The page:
He’s gone. Along with many others I wept when I heard the news.
Coincidentally I had just finished reading “Goodbye Bafana” – the most astonishing tale of how Mandela’s warder changed his whole way of thinking through being in close proximity to Mandela and his fellow prisoners and ended up a close friend and, in a typical Mandela gesture, a guest at his inauguration as President.
So much food for thought.
And then along comes the memorial service and some of this morning’s commentary in the British press. For anyone who thinks about culture, diversity and inclusion it is revealing….
Daily Mail: “it’s my view that yesterday’s memorial ceremony for Nelson Mandela not only failed to reflect the towering achievements of the man – at times, it was a shambolic disgrace to his name.”
The Guardian: “… it was a tribute that did not match the monumental stature of the man”
The Times: “With a distinct lack of the decorum expected at a memorial service to the icon of the South African civil rights struggle…….”
And so on.
So why am I writing about this?
Well I have worked on and led programmes designed to drive cultural reinforcement or change for many years.
For me a key element of any diversity or inclusion initiative is to try and open people’s minds to difference, encourage them to step in, not away, when they meet someone who is very different to them, to be curious rather than judgmental about things which at first may seem “alien” or “weird” or “unusual” and to welcome new experiences. Difficult. Not what we are progammed to do. And not what we are seeing in this reaction.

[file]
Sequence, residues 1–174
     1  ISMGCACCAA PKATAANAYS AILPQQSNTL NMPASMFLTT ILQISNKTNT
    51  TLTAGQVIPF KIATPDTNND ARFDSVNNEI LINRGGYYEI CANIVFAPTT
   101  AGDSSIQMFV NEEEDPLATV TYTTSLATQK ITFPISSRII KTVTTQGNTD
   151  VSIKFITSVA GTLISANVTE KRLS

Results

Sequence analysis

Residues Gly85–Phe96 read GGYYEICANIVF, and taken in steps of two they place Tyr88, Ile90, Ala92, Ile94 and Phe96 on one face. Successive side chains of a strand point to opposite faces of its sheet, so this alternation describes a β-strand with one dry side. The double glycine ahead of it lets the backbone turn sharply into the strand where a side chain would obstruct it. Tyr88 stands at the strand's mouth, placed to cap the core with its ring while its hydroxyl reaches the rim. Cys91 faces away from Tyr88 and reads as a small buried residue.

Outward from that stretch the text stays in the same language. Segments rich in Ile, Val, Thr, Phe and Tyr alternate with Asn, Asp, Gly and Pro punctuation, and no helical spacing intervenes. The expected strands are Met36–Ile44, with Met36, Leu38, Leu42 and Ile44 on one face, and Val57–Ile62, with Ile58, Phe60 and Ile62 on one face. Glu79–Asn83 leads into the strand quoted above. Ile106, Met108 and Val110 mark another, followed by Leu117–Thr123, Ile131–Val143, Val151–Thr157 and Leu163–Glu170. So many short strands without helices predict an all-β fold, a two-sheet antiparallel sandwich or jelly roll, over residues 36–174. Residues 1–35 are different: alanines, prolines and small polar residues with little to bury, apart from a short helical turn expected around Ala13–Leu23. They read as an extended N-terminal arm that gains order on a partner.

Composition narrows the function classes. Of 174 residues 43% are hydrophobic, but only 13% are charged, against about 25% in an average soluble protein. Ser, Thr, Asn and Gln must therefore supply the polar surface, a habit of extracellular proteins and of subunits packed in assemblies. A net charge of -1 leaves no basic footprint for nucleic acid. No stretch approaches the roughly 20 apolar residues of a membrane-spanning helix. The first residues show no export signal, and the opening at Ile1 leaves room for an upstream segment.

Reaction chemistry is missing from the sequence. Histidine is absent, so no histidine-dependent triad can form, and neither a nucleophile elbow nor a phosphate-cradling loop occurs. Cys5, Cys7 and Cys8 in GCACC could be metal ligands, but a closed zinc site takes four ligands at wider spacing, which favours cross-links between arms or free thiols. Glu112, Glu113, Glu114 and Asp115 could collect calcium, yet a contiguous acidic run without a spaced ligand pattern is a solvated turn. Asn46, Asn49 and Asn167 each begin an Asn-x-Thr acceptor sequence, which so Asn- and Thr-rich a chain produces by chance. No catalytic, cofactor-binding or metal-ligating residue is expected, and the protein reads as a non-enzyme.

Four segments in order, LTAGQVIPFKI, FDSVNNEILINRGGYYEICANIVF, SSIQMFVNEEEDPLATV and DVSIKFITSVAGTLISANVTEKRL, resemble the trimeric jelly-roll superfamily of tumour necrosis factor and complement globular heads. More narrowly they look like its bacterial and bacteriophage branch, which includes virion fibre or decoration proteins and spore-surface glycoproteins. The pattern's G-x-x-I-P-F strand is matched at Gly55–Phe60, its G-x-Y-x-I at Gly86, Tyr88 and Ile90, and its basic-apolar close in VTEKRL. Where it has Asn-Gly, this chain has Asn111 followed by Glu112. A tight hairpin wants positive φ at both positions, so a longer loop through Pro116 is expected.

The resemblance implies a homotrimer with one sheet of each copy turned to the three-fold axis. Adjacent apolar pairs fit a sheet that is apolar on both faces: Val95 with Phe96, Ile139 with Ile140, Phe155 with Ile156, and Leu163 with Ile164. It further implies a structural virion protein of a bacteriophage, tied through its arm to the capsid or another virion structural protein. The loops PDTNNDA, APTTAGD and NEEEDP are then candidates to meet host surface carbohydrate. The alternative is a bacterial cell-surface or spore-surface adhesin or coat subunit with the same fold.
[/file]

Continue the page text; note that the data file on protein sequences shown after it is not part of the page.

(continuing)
And how might we Brits have organised a memorial to such a leader if we had been fortunate enough to have him as one of our own?
Military precision no doubt. Lots of military too. Very black. Very dignified. Very sombre. Big cathedral. Gun carriage through London. Cliff Richard uniting the nation with some tunes at Wembley Arena. Maybe a tenor or soprano or two. Lots of shiny medals on display. Dignitaries inside. Everyone else lining the streets. Upper lips at their most stiff. All probably very different for the South African watching on TV.
Instead at the Mandela memorial we saw something which was vibrant, in our terms maybe “shambolic” (actually people laughing, singing, chanting and celebrating. Yes that’s celebrating) and wet (but that’s a good thing in other cultures). People who were unrestrained, reacting with authenticity to what was going on around them and remembering Mandela in a way which was, I am sure, perfect for their culture.
I’m going to try and remember how I feel about this lack of curiosity about difference, this judgment of others, next time I’m leading a change programme. I’m going to remember the importance of authenticity, inclusion and intent.
And to the British press – those colonial days are long gone and we can learn from what we encounter rather than jump to judgment. Can’t we?